|Part Two: An Evaluation of VRML Modelling Tools|
A VRML modelling tool is a software application that enables the user to create a 3D object or world, without having to directly edit a VRML file in a text editor. The availability of these applications is essential for the development of VRML, since creating VRML worlds "by hand" becomes much more difficult as the scene complexity increases, and also more importantly, it enables more people to become world builders by making the whole modelling process easier.
A wide range of applications could be described as VRML modelling tools, including file translators which convert model data from other 3D file formats into VRML, or specialised geometry generators, for example, terrain generators. However, for the purposes of this evaluation we will define a VRML modelling tool as:
A stand-alone application with an advanced graphical user interface (GUI), that allows the user to interactively create and view custom 3D shapes and worlds, and which can save and reload the scene data in a VRML file format.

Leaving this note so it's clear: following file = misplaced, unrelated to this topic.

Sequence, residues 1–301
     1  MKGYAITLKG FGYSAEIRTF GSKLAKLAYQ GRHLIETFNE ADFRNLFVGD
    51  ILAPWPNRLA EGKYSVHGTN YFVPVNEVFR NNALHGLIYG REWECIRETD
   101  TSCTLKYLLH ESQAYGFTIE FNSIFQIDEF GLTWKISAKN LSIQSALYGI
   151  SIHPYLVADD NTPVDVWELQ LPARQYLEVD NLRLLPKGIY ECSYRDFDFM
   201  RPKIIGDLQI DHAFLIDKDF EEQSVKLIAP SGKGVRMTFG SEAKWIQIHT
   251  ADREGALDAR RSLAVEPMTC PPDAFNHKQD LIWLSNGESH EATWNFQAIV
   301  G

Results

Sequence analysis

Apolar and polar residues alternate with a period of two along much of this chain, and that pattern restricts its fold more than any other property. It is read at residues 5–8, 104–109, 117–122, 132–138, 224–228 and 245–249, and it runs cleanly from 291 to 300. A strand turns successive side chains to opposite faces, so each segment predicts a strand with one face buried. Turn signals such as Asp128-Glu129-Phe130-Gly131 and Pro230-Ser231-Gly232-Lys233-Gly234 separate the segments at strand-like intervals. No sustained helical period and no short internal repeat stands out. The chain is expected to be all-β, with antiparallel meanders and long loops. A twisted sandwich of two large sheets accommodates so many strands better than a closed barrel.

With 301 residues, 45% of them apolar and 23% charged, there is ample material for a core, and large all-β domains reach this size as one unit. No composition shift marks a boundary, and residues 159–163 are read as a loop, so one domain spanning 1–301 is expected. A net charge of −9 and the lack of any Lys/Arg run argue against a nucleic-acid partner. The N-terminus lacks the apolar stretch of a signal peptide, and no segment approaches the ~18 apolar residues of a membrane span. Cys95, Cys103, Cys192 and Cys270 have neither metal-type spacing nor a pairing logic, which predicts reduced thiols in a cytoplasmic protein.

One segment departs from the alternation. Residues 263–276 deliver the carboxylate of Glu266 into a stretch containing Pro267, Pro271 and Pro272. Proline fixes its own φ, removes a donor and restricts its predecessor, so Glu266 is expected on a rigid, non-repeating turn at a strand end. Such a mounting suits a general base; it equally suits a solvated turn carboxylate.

This report will only be evaluating VRML 2.0 modelling tools. So, applications that can only save in the VRML 1.0 format will not be considered.
The number of VRML 2.0 modelling tools becoming available is steadily increasing, however they can also vary considerably in functionality and price. This report will evaluate a sample of these applications. It will compare their features, test how easy they are to use and identify how much of the VRML 2.0 specification they support.
Of course, the features of each product will change as newer versions are released and there will be other applications not included in this evaluation. Nevertheless, this report should still provide a useful indication of the range and type of applications available and the sort of features to look for.
The report is organised as follows:
Section 2, Software Selection describes the testing platform and the process for selecting the modelling tools for evaluation.
Section 3, Evaluation Methodology outlines the testing procedure and the criteria used in the evaluation.
Section 4, Software Overview discusses the main features of each application.
Section 5, Comparison of Features, presents the data in a table.
Section 6, Conclusions, summarizes the results of this evaluation.
Graphics Multimedia Virtual Environments Visualisation Contents